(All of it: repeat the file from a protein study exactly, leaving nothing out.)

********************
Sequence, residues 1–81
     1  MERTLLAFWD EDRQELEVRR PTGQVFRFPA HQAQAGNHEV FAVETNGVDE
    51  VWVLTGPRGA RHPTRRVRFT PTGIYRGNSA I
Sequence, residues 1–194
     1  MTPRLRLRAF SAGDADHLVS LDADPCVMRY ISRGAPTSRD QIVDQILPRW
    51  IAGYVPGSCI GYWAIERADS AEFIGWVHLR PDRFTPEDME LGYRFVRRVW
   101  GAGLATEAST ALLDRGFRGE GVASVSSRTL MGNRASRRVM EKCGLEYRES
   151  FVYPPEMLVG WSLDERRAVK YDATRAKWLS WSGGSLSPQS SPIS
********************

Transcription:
Sequence, residues 1–81
     1  MERTLLAFWD EDRQELEVRR PTGQVFRFPA HQAQAGNHEV FAVETNGVDE
    51  VWVLTGPRGA RHPTRRVRFT PTGIYRGNSA I
Sequence, residues 1–194
     1  MTPRLRLRAF SAGDADHLVS LDADPCVMRY ISRGAPTSRD QIVDQILPRW
    51  IAGYVPGSCI GYWAIERADS AEFIGWVHLR PDRFTPEDME LGYRFVRRVW
   101  GAGLATEAST ALLDRGFRGE GVASVSSRTL MGNRASRRVM EKCGLEYRES
   151  FVYPPEMLVG WSLDERRAVK YDATRAKWLS WSGGSLSPQS SPIS